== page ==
What is Cat7 Cabling?

What is Cat7 Cabling?
What is Cat7 Cabling? Andover
What is Cat7 Cabling? London

Category 7 Cabling

What is Cat7 Cabling? Category 7 cabling is a licensed standard, which defines transmission properties for frequencies up to 600 MHz. Cat7 cabling was designed with future application in mind. This grounding of all hardware involved provides greater throughput speeds, security against EMI/RFI interference, and protection from power surges. Furthermore, with the explosion of HD video content across networks, and converged voice and data in enterprise, Cat7 cabling is becoming more common.

Cat 7 Cable speed vs. Cat 6 Cable speed: What’s the Difference?

Category 7 (Cat 7) cable can support speeds of up to 600 MHz, double that of Category 6 (Cat 6), which only supports speeds of up to 250 MHz.

Can i use Cat7 for Internet?

Yes. Using a professional grade Cat 7 cable for your network infrastructure is an important step in ensuring the speed and integrity of your data. It’s important to realise, your network system must be upgraded to retain the full benefits of Cat7 cabling. after all, your network is only as good as its weakest link.

Why Cat7 vs. Cat6? Which one should I use?

While a Cat6a SSTP shielded twisted pair (S/FTP) cabling can achieve much higher speeds than Cat6 cable; for shorter runs (under 55 metres). The speed advantage of S/FTP over U/UTP is relatively small. This short distance advantage of S/FTP cable, however, is magnified with an increase in data rates. Furthermore, Cat 7 cable can provide 500 MHz speeds on shielded patch cords for very short distances. Additionally, the price premium for Cat 7 cable is not justifiable when compared with that of Cat 6 cable. However, when higher speeds are required in shorter cables. You will need to utilise Cat 7 cable or better still deploy S/FTP Cat 6a cabling.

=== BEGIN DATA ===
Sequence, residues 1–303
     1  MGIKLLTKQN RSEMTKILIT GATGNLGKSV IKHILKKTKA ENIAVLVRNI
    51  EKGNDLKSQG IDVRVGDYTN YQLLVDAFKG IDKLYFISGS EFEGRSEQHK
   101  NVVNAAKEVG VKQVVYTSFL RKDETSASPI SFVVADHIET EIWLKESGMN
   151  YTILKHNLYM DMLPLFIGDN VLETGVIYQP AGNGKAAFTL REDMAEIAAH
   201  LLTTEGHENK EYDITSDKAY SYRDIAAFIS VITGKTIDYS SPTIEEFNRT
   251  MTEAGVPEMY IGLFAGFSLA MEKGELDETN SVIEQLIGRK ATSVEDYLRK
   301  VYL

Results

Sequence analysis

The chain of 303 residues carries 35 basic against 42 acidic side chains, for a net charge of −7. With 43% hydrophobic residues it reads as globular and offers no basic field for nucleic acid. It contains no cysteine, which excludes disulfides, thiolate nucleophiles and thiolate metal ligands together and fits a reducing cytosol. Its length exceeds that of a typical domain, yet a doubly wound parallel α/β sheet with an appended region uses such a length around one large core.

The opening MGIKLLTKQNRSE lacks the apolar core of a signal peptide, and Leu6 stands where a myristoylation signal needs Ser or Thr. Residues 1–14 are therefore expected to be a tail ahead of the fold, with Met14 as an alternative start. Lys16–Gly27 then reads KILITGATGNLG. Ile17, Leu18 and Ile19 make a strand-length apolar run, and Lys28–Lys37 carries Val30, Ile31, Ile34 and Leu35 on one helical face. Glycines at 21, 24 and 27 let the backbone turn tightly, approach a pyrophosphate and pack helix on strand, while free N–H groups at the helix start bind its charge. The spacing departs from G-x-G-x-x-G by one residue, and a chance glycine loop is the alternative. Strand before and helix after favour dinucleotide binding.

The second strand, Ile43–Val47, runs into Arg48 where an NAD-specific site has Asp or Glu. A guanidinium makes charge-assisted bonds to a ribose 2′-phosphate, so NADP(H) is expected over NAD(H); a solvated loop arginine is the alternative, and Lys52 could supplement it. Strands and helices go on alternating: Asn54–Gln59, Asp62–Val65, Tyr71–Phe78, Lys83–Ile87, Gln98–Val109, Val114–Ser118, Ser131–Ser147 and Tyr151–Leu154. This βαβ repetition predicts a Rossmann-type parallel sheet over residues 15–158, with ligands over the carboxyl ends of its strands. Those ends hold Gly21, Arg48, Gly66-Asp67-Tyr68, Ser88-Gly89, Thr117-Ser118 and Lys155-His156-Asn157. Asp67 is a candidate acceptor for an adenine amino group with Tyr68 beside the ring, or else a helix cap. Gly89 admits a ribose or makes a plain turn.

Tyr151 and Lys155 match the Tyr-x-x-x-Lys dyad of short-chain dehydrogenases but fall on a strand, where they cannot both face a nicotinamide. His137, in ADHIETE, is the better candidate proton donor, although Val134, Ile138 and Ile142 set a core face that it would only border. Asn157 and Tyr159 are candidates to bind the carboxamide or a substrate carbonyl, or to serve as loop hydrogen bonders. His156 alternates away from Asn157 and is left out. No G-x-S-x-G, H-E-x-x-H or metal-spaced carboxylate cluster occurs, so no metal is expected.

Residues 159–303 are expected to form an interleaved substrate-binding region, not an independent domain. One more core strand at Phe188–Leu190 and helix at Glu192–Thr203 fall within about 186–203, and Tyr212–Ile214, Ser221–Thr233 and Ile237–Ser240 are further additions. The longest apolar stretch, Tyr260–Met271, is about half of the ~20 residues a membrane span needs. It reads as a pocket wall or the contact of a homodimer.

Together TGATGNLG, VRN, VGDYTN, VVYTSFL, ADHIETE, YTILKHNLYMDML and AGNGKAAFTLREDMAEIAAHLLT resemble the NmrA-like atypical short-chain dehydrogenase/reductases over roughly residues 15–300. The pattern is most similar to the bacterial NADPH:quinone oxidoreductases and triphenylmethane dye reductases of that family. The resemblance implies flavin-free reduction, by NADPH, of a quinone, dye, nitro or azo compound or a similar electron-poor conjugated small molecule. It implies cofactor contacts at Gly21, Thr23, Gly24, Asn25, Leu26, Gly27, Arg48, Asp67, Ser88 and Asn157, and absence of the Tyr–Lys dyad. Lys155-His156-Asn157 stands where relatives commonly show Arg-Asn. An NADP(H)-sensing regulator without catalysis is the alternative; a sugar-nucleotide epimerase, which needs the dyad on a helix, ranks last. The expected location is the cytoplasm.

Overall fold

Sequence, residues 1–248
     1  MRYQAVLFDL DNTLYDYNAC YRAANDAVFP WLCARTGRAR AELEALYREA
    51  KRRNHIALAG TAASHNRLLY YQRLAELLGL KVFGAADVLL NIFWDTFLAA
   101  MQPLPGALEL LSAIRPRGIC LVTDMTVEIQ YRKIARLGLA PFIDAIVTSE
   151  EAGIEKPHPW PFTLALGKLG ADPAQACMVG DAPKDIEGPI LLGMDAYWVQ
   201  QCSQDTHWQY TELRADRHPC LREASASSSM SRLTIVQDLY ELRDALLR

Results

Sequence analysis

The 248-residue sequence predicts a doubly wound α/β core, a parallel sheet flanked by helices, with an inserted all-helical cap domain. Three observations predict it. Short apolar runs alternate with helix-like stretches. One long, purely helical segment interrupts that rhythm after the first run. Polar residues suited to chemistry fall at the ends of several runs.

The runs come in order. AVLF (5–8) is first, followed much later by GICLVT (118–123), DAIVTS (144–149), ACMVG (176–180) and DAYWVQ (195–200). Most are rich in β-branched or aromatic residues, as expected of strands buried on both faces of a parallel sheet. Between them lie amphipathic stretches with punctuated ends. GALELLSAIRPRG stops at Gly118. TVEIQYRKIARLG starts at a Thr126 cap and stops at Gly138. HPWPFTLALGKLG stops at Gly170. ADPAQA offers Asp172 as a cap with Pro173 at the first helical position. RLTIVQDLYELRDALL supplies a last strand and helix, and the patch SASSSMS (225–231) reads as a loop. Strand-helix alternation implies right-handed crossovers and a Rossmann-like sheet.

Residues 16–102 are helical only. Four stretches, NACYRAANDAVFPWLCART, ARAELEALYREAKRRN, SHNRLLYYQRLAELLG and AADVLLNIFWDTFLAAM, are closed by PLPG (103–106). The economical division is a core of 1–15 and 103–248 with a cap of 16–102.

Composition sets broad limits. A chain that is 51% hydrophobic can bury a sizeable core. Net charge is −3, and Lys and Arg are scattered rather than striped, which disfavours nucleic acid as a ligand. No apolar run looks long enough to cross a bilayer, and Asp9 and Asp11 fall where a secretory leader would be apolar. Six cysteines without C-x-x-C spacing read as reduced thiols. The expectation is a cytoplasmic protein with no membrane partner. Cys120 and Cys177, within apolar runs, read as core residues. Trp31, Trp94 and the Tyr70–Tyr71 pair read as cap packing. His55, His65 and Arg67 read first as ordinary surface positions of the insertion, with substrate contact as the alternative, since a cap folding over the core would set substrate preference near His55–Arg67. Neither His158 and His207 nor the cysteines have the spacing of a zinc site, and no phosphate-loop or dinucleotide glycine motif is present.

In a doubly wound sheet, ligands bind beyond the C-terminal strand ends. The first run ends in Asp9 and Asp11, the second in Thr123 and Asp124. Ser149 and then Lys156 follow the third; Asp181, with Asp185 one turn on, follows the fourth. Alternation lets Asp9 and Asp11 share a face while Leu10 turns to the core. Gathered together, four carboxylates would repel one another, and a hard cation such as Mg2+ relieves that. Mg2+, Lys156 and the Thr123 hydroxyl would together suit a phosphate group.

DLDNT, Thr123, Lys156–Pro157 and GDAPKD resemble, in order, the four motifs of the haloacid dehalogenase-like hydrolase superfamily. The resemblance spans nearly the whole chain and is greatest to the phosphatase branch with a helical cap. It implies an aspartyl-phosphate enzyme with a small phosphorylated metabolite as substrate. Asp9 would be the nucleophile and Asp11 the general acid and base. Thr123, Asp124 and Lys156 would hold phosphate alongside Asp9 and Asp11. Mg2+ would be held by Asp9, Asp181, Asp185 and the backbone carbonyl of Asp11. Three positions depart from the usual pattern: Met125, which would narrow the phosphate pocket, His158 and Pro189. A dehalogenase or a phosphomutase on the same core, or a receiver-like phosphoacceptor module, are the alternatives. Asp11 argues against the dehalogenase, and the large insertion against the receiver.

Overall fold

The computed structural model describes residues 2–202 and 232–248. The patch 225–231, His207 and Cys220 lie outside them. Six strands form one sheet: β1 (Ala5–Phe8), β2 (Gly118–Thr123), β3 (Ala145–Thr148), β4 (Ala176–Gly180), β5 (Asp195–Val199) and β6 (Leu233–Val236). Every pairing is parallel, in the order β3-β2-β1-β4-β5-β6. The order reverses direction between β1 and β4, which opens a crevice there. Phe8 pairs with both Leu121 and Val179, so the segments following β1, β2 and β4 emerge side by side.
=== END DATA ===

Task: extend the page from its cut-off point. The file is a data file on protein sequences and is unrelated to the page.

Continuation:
What does the “A” stand for in Cat 7a?

The “A” stands for Augmented. This simply means that the cable has shielding. Cat 7a cables provide improved alien crosstalk over un-shielded Cat 7 cables, thus allowing you to double the speed of your existing Cat7 cabling (with an S/FTP design) without requiring the new hardware that would be required by shielded Cat6 cabling.

What is the best use of Cat7 vs. Cat5e?

When considering whether to upgrade from Cat5e to Cat 7, it is important to consider that if you are connecting 2 devices more than 55 metres apart, or carrying a heavy concentration of Gigabit Ethernet connections, a Cat 7 cable would be a better choice.

Cat7 vs Cat8

Category 8 cable is designed for speeds of up to 600 MHz, which caters to 10GBASE-T operation. In comparison, Cat 7 cable only supports the lower 2.5GBASE-T and 5GBASE-T applications. Its important to realise, Category 8 cable is not backwards compatible with any of the lower categories of cabling. It will only work with other Category8 cables. Lastly, Cat8 also requires more accurate distances between the two cables than required by Cat 7 cable.


Shielded Twisted Pair (S/FTP) consists of an S shaped copper grounding conductor which is wrapped around the insulating layer of the cable. This provides excellent protection from Electro-Magnetic Interference (EMI) and Radio Frequency Interference (RFI). S/FTP cabling is more expensive than Un-shielded Twisted Pair (UTP) cabling because it requires an additional manufacturing step which increases the cost of manufacture. In addition, U/FTP cable will only operate up to 250MHz, whereas S/FTP cable will operate up to 500MHz. U/FTP is less expensive and an easy choice for data centres and office environments where there is no requirement for EMI protection.

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